• Chuck Yeager: Major General Reinhardt of SAC Airborne Command Post never shows any sense of distress, even as reports come in that the Soviets are wiping U.S. strategic forces off the map and it becomes clear the Soviet Union is going to win the war and execute him and many other American military officials.
  • Curb-Stomp Battle: As part of the opening dramatization. The narrator puts it best—
    34 minutes into the attack, the strategic forces of the United States have suffered a crippling blow. Of the 1000 Minuteman missiles, only 45 remain operational, of the 330 B-52 Bombers, all but 22 have been destroyed on the ground, of the 41 ballistic missile submarines, 17 have been destroyed in port and an unknown number are presumed lost at sea. The attack has been restricted to strategic military targets. 8 million Americans are dead.

    The United States is given an ultimatum: Any attempt at retaliation will result in the certain annihilation of America's urban population.

    9 minutes later, the President orders all surviving U.S. forces to cease fire.
    • This effectively means that the Soviets have won what many assumed was an unwinnable war, and they will get away with annexing the United States, which will undoubtedly bring much suffering and death to the American people, especially if the Soviets view the Americans the same way Hitler viewed the Jews (though not likely, as the Soviets would likely not want to associate themselves with the Nazis, having experienced their brutality first-hand in World War II). Worse still is that America's NATO allies can do nothing or risk destruction themselves, though the Sino-Soviet Split in 1960 could be a Hope Spot, as China could align itself with NATO to launch a war against the Soviet Union and liberate the United States.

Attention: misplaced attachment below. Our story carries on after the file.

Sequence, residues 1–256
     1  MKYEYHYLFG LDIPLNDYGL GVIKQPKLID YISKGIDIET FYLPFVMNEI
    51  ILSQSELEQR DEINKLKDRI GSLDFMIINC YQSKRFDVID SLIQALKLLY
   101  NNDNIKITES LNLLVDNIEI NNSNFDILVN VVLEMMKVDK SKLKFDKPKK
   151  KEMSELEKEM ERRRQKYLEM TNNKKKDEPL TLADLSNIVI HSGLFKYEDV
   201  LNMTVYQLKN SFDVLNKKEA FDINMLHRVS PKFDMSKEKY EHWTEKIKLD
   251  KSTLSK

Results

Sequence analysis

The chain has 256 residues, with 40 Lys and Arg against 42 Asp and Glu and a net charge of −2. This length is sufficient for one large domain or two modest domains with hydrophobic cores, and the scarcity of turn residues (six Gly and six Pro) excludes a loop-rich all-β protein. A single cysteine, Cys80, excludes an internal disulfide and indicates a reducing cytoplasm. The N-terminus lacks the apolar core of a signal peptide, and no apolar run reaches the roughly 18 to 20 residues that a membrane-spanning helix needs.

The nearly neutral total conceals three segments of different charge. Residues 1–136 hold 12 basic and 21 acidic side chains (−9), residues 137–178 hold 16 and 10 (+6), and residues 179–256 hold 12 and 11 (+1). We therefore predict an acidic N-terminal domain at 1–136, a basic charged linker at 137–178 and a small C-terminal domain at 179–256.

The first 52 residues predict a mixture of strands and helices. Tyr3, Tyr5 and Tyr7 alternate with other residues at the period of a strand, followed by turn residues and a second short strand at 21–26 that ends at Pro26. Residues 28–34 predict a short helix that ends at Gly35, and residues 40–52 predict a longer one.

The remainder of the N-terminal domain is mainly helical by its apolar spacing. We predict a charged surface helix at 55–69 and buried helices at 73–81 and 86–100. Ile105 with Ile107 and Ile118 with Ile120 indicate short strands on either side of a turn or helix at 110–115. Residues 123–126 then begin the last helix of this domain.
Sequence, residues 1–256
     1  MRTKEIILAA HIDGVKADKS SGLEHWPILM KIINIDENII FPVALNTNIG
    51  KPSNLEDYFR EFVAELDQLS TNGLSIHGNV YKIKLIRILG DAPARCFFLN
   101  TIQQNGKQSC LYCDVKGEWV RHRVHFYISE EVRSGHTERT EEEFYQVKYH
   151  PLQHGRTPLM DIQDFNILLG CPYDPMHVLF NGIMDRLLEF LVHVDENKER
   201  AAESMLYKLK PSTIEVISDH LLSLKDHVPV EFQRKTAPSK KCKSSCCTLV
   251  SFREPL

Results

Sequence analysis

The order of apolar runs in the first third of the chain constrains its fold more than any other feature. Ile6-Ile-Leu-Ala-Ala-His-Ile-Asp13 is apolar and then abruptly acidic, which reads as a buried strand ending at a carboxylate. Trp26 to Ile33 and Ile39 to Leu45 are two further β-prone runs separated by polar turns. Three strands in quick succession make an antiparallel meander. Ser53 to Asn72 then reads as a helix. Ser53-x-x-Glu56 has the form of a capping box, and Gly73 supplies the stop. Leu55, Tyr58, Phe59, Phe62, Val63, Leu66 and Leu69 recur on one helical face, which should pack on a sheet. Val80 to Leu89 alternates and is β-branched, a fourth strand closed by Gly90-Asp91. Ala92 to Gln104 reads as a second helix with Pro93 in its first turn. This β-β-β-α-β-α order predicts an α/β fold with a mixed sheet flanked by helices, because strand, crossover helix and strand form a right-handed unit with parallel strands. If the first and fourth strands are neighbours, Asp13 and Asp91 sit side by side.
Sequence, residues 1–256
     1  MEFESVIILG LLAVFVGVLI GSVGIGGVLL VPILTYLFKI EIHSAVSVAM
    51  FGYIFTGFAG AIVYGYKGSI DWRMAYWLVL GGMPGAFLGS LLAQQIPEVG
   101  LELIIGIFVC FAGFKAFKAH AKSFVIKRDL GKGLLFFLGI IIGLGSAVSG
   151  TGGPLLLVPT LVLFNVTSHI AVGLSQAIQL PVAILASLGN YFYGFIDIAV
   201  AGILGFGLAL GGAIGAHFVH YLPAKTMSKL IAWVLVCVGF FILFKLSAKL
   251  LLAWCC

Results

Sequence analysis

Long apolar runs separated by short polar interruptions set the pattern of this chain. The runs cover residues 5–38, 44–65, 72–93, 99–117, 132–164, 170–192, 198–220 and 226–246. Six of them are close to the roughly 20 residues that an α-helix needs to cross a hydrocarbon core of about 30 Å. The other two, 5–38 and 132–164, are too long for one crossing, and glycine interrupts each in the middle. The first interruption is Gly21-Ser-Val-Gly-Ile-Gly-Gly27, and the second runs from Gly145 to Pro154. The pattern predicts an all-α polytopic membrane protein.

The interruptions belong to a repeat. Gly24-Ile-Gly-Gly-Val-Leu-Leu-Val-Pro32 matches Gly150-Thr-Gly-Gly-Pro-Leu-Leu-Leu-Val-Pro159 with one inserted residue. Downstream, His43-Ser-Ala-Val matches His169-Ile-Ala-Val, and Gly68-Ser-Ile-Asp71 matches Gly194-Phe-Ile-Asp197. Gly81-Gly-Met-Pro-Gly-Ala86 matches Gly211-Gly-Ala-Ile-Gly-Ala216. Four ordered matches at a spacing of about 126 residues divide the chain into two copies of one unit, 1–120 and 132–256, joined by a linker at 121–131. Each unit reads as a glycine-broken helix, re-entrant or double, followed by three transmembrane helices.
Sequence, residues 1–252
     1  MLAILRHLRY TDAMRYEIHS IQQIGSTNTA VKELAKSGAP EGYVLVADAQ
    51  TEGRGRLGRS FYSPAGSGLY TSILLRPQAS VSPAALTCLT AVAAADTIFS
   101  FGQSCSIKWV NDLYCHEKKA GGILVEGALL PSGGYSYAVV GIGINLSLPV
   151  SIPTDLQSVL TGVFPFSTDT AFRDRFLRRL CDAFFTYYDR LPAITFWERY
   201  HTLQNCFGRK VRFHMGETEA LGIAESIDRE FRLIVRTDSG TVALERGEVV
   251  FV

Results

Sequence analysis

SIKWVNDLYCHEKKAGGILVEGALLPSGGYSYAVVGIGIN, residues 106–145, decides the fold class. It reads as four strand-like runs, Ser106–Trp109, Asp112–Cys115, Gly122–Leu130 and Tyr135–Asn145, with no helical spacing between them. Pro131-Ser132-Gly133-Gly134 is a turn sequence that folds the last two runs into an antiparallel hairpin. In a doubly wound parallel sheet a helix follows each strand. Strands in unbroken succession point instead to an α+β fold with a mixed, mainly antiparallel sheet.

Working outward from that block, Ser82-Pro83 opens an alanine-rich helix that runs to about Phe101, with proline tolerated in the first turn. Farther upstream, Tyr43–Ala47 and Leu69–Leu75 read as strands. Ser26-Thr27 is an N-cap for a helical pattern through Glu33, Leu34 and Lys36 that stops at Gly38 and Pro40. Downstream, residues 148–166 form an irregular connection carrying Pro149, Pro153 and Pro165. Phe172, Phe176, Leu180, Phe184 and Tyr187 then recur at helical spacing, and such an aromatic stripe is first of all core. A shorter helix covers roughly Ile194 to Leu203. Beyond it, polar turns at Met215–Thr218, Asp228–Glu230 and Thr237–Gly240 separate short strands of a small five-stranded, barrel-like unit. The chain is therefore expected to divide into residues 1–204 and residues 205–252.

• Crippling Overspecialization: The documentary brings up a contemporary proposal to retire the bomber and ICBM fleets, relying on submarines only. Dr. Schlesinger invoked this trope in response:
    Dr. James R. Schlesinger: If one becomes dependent on any single arm, such as submarines, the Soviets can devote a much higher percentage of their budget to solving their problems in anti-submarine warfare.
  • Distinguished Gentleman's Pipe: Dr. James R. Schlesinger is shown holding one during a shot.
  • Fighter-Launching Sequence: Ever wondered if a bomber squadron could scramble like a fighter squadron? Wonder no more! Too bad they get nuked in the opening dramatization.
    • A traditional Fighter Launching Sequence is shown when the documentary discusses ways to defend against the Soviet Union's then-new bombers.
  • Foreshadowing:
    • Dr. William J. Perry hints at the existence of the Advanced Technology Bomber program—which gave birth to the B-2 Spirit stealth bomber—in his interview. It's now known that he played a major role in the development of American stealth aircraft technology through funding the related programs.
    Dr. William J. Perry: There's a pretty high level of interest in the Air Force in a new manned bomber, but I'd want to distinguish between a airplane that would be capable of penetrating modern active air defenses, and an airplane whose only function would be to deliver cruise missiles from the exterior of the air-defense system. Those are two quite different functions.
  • Mutually Assured Destruction: First Strike's purpose was to highlight problems that might have unraveled this assurance.
  • Narrator: Martin Sheen. Martin Sheen, people.
  • Necessary Drawback: American (and Soviet) nuclear forces were built on a triad of weapons platforms, each with their own advantages and disadvantages:
    • ICBMs were the only arm of strategic forces that had both the speed and accuracy to threaten "hard" (well-protected) targets, but as stationary silos, were highly vulnerable to attacks themselves. The Soviets rectified this somewhat by having a good portion of their ICB Ms launched by truck or train, a practice that is continued by modern Russia.